The Leave campaign’s domination in Sunderland set the tone for the rest of the night. Sterling prices immediately dropped 3% at the news of the results and world markets reacted accordingly. The Leave campaign over-performed everywhere in Britain. After the Sunderland results, US Banks began reevaluating the situation. JP Morgan released a note predicting Leave to win, their prediction effectively nailed the final results of Leave 51.9% and Remain 48.1%:
JP Morgan says current results point towards a 51.5pc victory for Leave. NB v early projection pic.twitter.com/jIKLkjstlR
— Ed Conway (@EdConwaySky) June 24, 2016
Brexit, the vote for the UK to leave the EU, had won.
My favorite story from the night:
Highland authority Counting Agent escorted from the building for… drinking too much.
— Britain Elects (@britainelects) June 23, 2016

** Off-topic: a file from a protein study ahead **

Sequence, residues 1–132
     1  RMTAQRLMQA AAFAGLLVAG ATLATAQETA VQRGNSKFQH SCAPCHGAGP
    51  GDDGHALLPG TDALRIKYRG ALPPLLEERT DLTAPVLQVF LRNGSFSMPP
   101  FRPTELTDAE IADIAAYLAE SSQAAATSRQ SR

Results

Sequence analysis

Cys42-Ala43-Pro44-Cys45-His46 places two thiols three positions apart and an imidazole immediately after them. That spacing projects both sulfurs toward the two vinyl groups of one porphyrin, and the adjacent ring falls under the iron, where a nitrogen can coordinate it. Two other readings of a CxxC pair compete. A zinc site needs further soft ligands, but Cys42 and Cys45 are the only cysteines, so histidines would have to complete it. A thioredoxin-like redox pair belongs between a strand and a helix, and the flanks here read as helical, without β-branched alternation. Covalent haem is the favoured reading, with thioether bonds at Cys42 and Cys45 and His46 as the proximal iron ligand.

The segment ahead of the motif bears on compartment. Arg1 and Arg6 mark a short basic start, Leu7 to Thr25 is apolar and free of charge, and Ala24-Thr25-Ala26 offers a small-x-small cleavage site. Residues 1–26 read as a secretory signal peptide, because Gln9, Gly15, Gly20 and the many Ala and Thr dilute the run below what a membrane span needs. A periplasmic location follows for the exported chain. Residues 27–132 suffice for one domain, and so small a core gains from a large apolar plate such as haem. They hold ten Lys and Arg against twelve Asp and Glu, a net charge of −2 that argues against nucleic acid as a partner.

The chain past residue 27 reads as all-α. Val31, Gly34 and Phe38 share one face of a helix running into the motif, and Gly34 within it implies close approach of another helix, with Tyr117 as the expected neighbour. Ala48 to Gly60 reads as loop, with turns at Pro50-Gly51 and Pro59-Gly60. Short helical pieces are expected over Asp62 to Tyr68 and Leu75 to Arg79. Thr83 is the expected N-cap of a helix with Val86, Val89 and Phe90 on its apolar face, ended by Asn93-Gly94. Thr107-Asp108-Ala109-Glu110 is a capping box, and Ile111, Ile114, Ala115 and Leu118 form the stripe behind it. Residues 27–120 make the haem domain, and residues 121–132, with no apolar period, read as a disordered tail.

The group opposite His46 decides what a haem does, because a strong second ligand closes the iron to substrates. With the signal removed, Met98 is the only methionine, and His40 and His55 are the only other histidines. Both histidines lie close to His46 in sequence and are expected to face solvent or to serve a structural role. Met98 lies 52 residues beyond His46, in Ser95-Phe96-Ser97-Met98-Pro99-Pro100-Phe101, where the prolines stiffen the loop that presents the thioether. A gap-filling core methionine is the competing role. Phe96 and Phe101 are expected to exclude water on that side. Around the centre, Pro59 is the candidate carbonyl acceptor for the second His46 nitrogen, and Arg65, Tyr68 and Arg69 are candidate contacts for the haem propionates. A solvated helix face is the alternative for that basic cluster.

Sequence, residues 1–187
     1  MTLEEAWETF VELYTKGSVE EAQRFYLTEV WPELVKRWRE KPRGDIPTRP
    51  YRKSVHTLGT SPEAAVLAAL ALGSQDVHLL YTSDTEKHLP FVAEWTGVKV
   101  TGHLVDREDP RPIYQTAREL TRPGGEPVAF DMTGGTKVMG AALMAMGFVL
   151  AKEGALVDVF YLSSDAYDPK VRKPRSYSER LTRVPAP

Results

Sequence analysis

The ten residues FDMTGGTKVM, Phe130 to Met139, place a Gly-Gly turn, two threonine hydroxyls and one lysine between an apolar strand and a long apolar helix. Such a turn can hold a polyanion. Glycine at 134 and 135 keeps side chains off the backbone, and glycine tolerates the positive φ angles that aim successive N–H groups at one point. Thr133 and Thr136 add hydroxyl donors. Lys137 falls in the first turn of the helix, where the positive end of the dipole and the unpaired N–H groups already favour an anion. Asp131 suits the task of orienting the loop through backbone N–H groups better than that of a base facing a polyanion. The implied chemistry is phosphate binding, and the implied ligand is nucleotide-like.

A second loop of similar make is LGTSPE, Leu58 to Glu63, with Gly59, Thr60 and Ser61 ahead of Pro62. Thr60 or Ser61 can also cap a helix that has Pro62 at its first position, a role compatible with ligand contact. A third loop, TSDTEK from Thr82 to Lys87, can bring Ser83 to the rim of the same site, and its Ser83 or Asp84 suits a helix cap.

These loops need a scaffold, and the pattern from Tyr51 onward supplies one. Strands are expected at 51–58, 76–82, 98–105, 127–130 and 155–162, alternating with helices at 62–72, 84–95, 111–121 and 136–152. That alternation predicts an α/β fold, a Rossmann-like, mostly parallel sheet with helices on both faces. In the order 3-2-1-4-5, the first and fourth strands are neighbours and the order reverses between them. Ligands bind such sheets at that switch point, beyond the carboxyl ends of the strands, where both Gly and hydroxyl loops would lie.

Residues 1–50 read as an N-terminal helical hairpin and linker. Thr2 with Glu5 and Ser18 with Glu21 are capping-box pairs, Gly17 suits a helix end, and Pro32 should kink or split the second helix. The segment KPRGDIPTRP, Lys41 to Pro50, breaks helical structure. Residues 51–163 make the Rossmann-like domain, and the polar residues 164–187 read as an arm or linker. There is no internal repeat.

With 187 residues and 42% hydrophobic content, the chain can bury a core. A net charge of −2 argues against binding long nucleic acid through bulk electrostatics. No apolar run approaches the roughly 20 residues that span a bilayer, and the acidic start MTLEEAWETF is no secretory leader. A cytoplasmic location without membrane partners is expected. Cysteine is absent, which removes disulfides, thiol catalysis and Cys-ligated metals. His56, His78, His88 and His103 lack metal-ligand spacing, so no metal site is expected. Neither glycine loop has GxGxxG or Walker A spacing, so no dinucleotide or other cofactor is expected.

Gotta love the Brits.
I rattled off a number of thoughts on Facebook and Twitter about the Brexit vote. It was late at night and I was exhausted. The following morning my phone buzzed non-stop from friends, family, and social media shocked at the outcome (I left the gym the next morning with half my battery already drained). The questions I kept getting were: Is this a good thing? What happens next? What does this mean for the US? I’m going to answer these questions as best as I can, unlike media members who are freaking out over a country declaring independence.
Is it a good thing for the United Kingdom to leave the European Union?
I would argue, “Yes.”
The primary reason I would argue in favor of the Leave campaign is that they offered sovereignty and local governance. The Remain campaign waged a fear campaign (more on this later) that refused to acknowledge they were arguing Brussels should have ultimate say in British policy. The reason I make this argument: The EU is not a democratic institution responsive to the people. It’s a bureaucratic technocratic institution that has consolidated power in an elite who are unanswerable to voters. As this piece in the Public Discourse puts it (and you should read):
[The EU] is not anti-democratic due to any lack of institutional checks and balances but due to its commitment to separating a notion of citizenry from that of peoplehood, in order to ensure that the legislative process remains ultimately unaccountable.